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Hip-Hop High School (Hoopster) by Alan…
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Hip-Hop High School (Hoopster)

by Alan Lawrence Sitomer

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Group G1
  gilsbooks | May 20, 2011 |
Gr. 8 Up This sequel to The Hoopster (2005) is narrated by Theresa Anderson, the younger sister of that book's protagonist. Bright and ambitious, Theresa, known as Tee-Ay at her hip-hop high school, also plays by the social rules, rapping in ghetto slang and trying hard not to act white : If you talk too proper, you might get jumped. Covering Tee-Ay's experiences from the start of tenth grade through graduation, the primary focus here is on Tee-Ay's academic life and on her friendships with selfish, mercurial Cee-Saw and thoughtful Sonia Rodriguez. A handful of young men also play parts, including Rickee Dunston, the low-integrity football god, and in greater measure, Devon Hampton, the school scholar. Although Sitomer explores the realities and challenges of urban African American adolescence, he strikes a fair balance between serious issues and more lighthearted fare, writing in a smart, conversational voice loaded with wit, rhythm, and energy. Some exaggerated characters and a fairly implausible ending do little to mar the pleasure of spending time with the dynamic and lovable Tee-Ay. --Holly Koelling Copyright 2006 Booklist
This energetic sequel to The Hoopster (Jump at the Sun/Hyperion, 2005/VOYA August 2005) features Andre Anderson's younger sister Theresa. Tee-Ay is a high school honors student who enjoys listening to hip-hop, eating junk food, and discussing boys with her best friends, Cee-Saw and Sonia. Tee-Ay often feels overlooked by her solidly middle class parents, who seem to focus their energy on her two brilliant brothers. Before long, Cee-Saw becomes pregnant and drops out of school. Then Sonia is forced to leave school to help support her family. In spite of feeling stifled by her family and worried about her friends, Tee-Ay concentrates on studying for the SAT in the hope of being accepted to the University of Southern California. By her senior year, she has become close friends and study partners with Devon Hampton, the school valedictorian. In a sickening twist, before Devon is able to finish his college admissions essay, he is shot in the neck and hospitalized. In a burst of inspiration, Tee-Ay finishes Devon's essay for him and mails his applications just before the deadline, resulting in Devon's acceptance to Harvard and Princeton, among others. Sitomer creates a wonderfully multifaceted cast of characters from the intelligent and hardworking to the shortsighted and intellectually doomed. Tee-Ay shines with loyalty, humor, kindness, and zest for life. This sobering novel is both inspiring and poignant. While Sitomer refrains from becoming didactic, his passionate message concerning the value of education will be clear to his readers.-Dotsy Harland. ( )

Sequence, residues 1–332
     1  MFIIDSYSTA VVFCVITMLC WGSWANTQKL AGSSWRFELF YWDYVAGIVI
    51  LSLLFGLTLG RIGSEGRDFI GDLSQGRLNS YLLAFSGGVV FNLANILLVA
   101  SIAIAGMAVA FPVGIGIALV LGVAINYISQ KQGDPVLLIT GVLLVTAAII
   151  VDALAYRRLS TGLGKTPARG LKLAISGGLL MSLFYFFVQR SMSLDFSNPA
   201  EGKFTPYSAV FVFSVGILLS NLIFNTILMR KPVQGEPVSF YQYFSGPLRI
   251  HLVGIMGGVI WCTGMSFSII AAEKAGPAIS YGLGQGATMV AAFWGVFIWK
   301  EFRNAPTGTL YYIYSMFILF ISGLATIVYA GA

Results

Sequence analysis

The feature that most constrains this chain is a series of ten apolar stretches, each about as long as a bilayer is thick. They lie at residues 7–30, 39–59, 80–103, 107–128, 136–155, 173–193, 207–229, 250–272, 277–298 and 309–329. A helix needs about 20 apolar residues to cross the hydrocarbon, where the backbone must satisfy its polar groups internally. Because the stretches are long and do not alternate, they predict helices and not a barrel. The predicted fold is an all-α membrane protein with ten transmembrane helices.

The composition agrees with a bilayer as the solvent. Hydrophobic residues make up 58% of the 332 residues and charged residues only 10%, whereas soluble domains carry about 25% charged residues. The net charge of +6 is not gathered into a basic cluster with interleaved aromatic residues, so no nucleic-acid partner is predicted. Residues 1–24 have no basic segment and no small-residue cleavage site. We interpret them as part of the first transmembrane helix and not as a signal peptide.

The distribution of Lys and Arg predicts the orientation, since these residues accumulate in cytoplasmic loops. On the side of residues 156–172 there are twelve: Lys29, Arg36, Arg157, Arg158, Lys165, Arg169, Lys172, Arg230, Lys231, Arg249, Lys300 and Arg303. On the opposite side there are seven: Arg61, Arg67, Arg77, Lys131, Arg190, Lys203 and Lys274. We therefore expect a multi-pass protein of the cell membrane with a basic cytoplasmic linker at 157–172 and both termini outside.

lnommay | Feb 23, 2010 |
Reviewed by Sally Kruger aka "Readingjunky" for TeensReadToo.com

Meet Theresa Anderson, known to her friends as Tee-Ay. Alan Lawrence Sitomer has captured Tee-Ay's struggle to survive high school and make it to college, and at the same time deal with some serious issues -- drive-by shootings, discrimination, and poverty. HIP-HOP HIGH SCHOOL presents big-city teens with big-city problems in a realistic, yet positive and inspiring story.